Celine Shinnick has spent 38 years tending at Shinnick's Pub, the tavern her grandparents took over in 1938. Four generations have worked there, as Shinnick and her eight siblings grew up just down the street from the Bridgeport (3758 S. Union) dive: "My dad always made a joke that he gave birth to nine bartenders," Celine mused. Celine, 57, and her siblings would start on the clean-up shift, and when her father, George Shinnick Jr., felt confident enough, he'd give his children a bartending shift. In Celine's case, she took Wednesday nights. She and her siblings inherited the bar from her father in 1989. Celine spoke about growing up in the industry, how her crowds have changed and the future of dive bars.
Do dive bars have a future?
There have been a lot of bars shut down in the last 10 years. I think they're going down one after the other. It's just changed, with the licensing—insurance is a killer. But I also look at bars as a gathering place. There are times you would come and you wouldn't drink. It's a generation thing. After the 40s, after the war, it was booming. You had men who just came out of war, they would stop in. Our Friday crowds? We were mobbed. That whole generation is gone. People don't go out like that.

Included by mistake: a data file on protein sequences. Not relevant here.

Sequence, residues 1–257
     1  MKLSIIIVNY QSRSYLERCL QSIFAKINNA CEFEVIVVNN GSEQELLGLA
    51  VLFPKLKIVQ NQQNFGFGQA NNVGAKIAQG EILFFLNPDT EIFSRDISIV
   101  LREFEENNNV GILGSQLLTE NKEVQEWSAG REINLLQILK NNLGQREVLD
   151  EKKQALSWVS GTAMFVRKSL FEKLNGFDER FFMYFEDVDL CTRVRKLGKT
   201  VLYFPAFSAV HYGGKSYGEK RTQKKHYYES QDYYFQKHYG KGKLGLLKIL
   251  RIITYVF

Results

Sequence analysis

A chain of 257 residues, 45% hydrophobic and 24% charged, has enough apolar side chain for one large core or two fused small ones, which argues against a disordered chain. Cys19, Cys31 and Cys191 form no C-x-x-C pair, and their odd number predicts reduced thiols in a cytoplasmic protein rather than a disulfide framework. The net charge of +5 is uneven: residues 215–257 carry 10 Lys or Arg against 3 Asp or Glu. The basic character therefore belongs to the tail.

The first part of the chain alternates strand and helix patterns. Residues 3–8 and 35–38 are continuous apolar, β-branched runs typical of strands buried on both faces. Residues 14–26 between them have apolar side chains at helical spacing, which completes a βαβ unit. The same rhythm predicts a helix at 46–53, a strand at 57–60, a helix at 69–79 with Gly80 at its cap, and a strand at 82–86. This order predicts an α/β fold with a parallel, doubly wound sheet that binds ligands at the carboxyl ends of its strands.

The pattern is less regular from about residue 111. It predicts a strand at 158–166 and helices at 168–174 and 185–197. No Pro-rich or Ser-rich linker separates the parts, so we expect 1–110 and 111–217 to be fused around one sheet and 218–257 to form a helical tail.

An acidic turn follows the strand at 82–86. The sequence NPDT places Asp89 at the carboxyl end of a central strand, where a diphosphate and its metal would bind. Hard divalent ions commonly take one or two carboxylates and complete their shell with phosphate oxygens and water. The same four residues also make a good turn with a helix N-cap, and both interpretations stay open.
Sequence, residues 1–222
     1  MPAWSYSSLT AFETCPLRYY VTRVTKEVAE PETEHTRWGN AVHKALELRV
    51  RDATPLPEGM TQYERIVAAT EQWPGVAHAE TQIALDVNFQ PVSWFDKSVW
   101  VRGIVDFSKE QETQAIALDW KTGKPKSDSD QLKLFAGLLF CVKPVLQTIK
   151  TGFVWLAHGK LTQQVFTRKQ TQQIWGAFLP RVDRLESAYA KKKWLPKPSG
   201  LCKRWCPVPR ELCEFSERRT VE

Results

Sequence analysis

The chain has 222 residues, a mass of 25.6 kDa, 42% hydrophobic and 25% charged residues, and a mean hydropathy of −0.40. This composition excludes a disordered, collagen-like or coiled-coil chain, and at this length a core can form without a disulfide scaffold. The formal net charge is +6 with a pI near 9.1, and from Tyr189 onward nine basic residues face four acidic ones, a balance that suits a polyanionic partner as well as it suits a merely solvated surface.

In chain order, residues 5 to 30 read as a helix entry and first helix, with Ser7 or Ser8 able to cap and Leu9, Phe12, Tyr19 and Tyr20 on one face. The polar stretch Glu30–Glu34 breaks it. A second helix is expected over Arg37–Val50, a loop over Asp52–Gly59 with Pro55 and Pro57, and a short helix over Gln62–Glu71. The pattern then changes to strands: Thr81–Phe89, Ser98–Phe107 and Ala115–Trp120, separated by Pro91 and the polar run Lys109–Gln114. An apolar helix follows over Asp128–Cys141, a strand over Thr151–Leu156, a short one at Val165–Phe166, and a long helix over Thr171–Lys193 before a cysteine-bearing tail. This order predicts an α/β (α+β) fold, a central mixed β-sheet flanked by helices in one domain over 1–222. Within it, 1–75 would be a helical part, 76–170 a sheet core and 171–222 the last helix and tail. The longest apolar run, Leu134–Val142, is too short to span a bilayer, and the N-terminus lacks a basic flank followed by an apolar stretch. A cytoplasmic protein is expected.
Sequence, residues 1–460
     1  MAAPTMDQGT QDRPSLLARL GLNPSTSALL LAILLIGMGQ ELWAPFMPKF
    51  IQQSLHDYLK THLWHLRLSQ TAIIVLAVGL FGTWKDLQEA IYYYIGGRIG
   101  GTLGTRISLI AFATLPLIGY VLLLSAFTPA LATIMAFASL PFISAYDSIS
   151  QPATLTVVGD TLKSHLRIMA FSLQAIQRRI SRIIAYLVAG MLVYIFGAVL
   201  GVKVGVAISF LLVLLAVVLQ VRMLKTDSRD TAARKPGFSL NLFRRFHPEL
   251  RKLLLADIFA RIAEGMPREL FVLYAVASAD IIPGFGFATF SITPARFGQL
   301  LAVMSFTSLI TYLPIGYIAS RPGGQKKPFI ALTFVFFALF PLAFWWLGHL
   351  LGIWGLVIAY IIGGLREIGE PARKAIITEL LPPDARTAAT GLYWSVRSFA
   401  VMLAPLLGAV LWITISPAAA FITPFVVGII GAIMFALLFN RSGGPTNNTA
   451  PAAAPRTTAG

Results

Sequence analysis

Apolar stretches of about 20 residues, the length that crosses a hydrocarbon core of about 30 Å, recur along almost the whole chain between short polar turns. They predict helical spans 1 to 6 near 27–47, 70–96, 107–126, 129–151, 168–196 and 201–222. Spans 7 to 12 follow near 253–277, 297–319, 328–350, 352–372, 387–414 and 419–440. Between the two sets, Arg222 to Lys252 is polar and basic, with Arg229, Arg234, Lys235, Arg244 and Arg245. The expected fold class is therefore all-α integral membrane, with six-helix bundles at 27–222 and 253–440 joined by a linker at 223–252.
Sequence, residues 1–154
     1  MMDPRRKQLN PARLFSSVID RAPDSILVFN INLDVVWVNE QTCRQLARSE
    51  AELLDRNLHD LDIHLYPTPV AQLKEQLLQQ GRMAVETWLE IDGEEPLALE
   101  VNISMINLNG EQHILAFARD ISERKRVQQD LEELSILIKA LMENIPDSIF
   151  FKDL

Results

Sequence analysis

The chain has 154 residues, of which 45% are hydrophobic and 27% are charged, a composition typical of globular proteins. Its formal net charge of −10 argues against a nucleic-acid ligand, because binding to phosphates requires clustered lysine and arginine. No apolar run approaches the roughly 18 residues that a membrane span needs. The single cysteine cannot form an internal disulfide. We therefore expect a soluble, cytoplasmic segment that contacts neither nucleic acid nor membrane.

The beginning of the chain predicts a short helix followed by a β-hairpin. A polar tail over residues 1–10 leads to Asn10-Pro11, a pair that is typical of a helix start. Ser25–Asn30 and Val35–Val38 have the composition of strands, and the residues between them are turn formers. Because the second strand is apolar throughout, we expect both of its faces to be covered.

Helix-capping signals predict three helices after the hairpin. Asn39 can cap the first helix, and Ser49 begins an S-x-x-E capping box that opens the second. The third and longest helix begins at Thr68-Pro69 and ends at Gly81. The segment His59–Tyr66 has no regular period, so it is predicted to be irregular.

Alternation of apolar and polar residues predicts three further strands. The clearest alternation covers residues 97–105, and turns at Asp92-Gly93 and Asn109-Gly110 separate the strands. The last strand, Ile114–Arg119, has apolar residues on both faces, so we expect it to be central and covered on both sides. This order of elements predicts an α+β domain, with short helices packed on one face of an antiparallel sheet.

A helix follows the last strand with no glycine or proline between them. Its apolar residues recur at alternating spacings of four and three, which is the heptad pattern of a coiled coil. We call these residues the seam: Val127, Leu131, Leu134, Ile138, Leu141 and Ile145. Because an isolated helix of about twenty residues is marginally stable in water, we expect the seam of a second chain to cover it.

How has drinking culture changed through the years?
We had an afternoon crowd with regulars. Mr. Fitz (a firefighter) would come in at 2 o'clock, stay until 4:15 and then go home and have dinner with his wife. And then he'd be here from about 7:30 to about 10:30, and then he'd go home. That was his routine, and if you threw him off—if there was a change in his schedule—he'd be nuts. There was that one time we were closed for two weeks for construction. His wife called me on the phone. She asked me, "Celine, please tell me when you're going to be open, I can't handle him around the house anymore." I told her, "we're not open but you can send him right over." And he he came right on over.
Where there any drinks that were ever a big flop?
It was Frank Thomas' beer (Big Hurt Beer). A couple of years ago, they brought it in, it was right on White Sox Opening Day. I sold a few, and one guy told me, "I paid for this, but I don't really care for it, just take it and dump it out." One day I took a couple of cans out and poured it and asked customers to try it. I was trying to give it away. But it's still out there. Somewhere. Hopefully they've made a couple tweaks to it.
How has the atmosphere changed in here over the years with flatscreen TVs and and internet jukeboxes?
Back then when we had 45s, we were really limited to how much music was on our jukebox. We were in our 20s, and we probably knew Frank Sinatra—we sang all those songs. Jesus, we sang Al Jolson songs on the jukebox. Everybody knew the words to them. My dad thought there were like two songs on the jukebox. "Sexual Healing" by Marvin Gaye? He wanted that song off of there. Very old school.
What are the difference between your old-school customers and new ones?